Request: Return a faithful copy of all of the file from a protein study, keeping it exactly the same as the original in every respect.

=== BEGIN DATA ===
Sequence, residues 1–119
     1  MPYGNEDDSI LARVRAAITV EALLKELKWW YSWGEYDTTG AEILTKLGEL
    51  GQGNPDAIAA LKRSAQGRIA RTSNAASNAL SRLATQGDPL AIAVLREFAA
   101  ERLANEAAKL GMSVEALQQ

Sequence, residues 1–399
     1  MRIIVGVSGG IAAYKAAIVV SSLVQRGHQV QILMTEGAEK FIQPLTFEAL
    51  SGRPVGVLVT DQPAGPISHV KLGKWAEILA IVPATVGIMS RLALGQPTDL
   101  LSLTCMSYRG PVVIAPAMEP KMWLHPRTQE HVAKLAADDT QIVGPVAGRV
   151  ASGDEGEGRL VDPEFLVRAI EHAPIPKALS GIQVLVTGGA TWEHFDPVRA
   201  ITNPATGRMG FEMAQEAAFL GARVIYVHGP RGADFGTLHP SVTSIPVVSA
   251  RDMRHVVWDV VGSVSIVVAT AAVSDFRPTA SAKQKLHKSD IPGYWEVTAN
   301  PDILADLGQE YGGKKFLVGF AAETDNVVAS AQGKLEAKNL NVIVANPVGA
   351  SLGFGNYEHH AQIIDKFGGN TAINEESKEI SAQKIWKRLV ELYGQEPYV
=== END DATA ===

Sequence, residues 1–119
     1  MPYGNEDDSI LARVRAAITV EALLKELKWW YSWGEYDTTG AEILTKLGEL
    51  GQGNPDAIAA LKRSAQGRIA RTSNAASNAL SRLATQGDPL AIAVLREFAA
   101  ERLANEAAKL GMSVEALQQ

Sequence, residues 1–399
     1  MRIIVGVSGG IAAYKAAIVV SSLVQRGHQV QILMTEGAEK FIQPLTFEAL
    51  SGRPVGVLVT DQPAGPISHV KLGKWAEILA IVPATVGIMS RLALGQPTDL
   101  LSLTCMSYRG PVVIAPAMEP KMWLHPRTQE HVAKLAADDT QIVGPVAGRV
   151  ASGDEGEGRL VDPEFLVRAI EHAPIPKALS GIQVLVTGGA TWEHFDPVRA
   201  ITNPATGRMG FEMAQEAAFL GARVIYVHGP RGADFGTLHP SVTSIPVVSA
   251  RDMRHVVWDV VGSVSIVVAT AAVSDFRPTA SAKQKLHKSD IPGYWEVTAN
   301  PDILADLGQE YGGKKFLVGF AAETDNVVAS AQGKLEAKNL NVIVANPVGA
   351  SLGFGNYEHH AQIIDKFGGN TAINEESKEI SAQKIWKRLV ELYGQEPYV